Two Md. lawmakers now on list of those skipping inauguration. (WJZ)
A second Democrat in Maryland's congressional delegation said Tuesday that he will skip President-elect Donald Trump's inauguration, adding that he could not stomach the Republican's "relentless trafficking in bigotry, misogyny and fear."
Freshman Rep. Jamie Raskin of Montgomery County, who represents the state's 8th Congressional District, announced his decision just days after saying in an interview that he viewed attending the ceremony as a "constitutional duty" and that he did not want to "run away from this."
Raskin, a Takoma Park man, and fellow freshman Rep. Anthony G. Brown of Prince George's County, are the only two members of Maryland's mostly Democratic congressional delegation who have announced plans to skip the event. Rep. Elijah E. Cummings of Baltimore said Tuesday that he remains undecided.
Dozens of Democrats from across the country are planning to sit out the inauguration in a protest whose scope and personal tone observers described as unprecedented.
"As the hour approaches, I realize that I cannot bring myself to go," Raskin said in a statement. "I do not rejoice in this decision or take pride in it, any more than I would rejoice or take pride in going; the inauguration ceremony is just a fact of life now, and we must all deal with it as best we can."
Raskin, a constitutional law professor and former state lawmaker, had told Bethesda Magazine on Sunday that he would attend the ceremony on Capitol Hill because "I just know that if I'm going to vote to impeach the man at some point, I would like to be able to look him in the eye on Inauguration Day."
Trump stirred anger among Democrats with his tweets on Saturday directed at Democratic Rep. John Lewis of Georgia, a civil rights icon who was among the original Freedom Riders. Lewis, who also boycotted President George W. Bush's inauguration in 2001, had questioned the legitimacy of Trump's victory in an interview over the weekend.
A Trump spokesman brushed off the boycotts.
"I think that when you wake up on Friday and see the enormous crowds that are there, you're going to recognize that it is going to be an inauguration for all Americans," incoming White House press secretary Sean Spicer said. "Obviously we'd love for every member of Congress to attend, but if they don't, that's some great seats that other folks can hopefully partake in."
Most of Maryland's lawmakers — including its two senators and five of eight House members — told The Baltimore Sun they will attend the inauguration. Former Secretary of State Hillary Clinton, who lost the election to Trump, plans to attend, as does Maryland Gov. Larry Hogan, who did not support his fellow Republican.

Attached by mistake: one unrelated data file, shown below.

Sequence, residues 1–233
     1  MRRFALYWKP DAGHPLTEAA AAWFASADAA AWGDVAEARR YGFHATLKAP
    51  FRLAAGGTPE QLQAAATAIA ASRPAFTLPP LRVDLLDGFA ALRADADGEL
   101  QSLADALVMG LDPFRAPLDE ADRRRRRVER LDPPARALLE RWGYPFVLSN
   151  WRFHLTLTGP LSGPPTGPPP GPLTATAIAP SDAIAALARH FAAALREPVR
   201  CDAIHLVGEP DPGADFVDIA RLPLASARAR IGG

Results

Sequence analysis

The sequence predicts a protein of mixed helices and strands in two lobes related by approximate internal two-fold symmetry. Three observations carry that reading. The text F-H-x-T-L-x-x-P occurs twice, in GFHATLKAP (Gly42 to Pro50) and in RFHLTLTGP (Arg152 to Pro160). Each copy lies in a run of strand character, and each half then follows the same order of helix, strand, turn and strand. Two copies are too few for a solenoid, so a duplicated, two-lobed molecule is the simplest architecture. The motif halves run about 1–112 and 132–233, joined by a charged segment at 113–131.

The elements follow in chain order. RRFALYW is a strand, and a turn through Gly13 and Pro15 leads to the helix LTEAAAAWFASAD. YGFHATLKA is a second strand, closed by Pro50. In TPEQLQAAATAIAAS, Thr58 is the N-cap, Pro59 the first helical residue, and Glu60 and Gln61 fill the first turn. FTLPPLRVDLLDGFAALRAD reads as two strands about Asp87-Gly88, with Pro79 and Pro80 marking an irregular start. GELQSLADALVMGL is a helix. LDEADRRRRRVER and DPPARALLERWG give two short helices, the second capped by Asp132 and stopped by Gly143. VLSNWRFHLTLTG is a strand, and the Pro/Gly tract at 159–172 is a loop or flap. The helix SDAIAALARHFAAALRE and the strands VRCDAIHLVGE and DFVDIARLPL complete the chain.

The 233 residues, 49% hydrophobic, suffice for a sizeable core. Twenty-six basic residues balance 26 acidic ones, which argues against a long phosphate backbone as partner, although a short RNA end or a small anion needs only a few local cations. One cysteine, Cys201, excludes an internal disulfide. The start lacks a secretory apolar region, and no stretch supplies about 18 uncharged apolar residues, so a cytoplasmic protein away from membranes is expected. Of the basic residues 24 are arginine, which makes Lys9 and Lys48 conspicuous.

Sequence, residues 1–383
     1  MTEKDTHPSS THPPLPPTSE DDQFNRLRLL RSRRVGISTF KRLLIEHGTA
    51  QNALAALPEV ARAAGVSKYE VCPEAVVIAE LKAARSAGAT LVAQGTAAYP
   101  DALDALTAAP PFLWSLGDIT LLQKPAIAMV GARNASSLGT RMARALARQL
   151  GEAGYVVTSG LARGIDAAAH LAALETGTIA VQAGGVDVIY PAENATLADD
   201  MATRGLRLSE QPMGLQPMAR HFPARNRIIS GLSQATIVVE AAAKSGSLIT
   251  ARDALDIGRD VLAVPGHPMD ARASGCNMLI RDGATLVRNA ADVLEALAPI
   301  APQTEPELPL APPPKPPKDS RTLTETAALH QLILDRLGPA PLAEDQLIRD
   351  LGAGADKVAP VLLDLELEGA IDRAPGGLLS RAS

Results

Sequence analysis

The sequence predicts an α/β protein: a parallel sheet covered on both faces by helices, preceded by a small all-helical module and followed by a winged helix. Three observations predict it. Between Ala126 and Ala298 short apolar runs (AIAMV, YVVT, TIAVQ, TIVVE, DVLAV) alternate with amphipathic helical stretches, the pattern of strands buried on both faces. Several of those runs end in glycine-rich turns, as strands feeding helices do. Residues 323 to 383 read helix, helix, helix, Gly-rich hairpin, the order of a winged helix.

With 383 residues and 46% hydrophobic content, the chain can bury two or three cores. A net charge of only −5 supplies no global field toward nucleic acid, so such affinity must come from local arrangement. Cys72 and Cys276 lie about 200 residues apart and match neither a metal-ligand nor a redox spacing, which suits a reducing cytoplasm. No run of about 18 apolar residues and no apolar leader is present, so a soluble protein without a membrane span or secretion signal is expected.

"This is part of the ritual of American democracy, the peaceful transfer of power, and I do have respect for the office of the presidency," Sen. Chris Van Hollen said in an interview.
"I also respect other people's decision here," Van Hollen said. "I will attend the swearing-in ceremony but none of the celebration that follows."
Sen. Ben Cardin said in a statement that the ceremony is more about the office of the president than the individual.
"This is completely unprecedented in modern times," said Larry Sabato, director of the University of Virginia's Center for Politics, about the tone surrounding the inauguration and the number of Democrats sitting out the event.
Sabato, who said he has watched every inauguration since 1960 and attended many, said the climate speaks to increasing political divisions and "to the controversial nature of Trump."
Former president Richard Nixon faced Vietnam War demonstrations — and boycotts by Democratic members of Congress — during his second inauguration in 1973. But Sabato and other analysts said it feels more personal this year.
"Everything has become so partisan," said Michael Heaney, assistant professor of organizational studies and political science at the University of Michigan. "People who go to the inauguration now have to say, 'Why are you not standing behind John Lewis?'"
The Vietnam War protests were not the first to be tied to celebrations surrounding a president's new term. A large women's suffrage march was organized in 1913 to coincide with President Woodrow Wilson's inauguration, said Jim Bendat, author of "Democracy's Big Day: The Inauguration of Our President, 1789-2013."
But Bendat said inaugurations are more commonly uplifting.
"Inauguration day is not supposed to be about one individual," he said. "It's supposed to be a day to celebrate democracy."
Another women's march is planned this year on Saturday.
Republican Rep. Andy Harris of Baltimore County said each lawmaker has to make up their own mind on whether to attend. He said he believed many Republicans probably quietly sat out President Barack Obama's inauguration in 2009.
"I think they should have taken a page out of the Hillary Clinton campaign playbook when they said when the election is over the results should be regarded as legitimate," Harris said.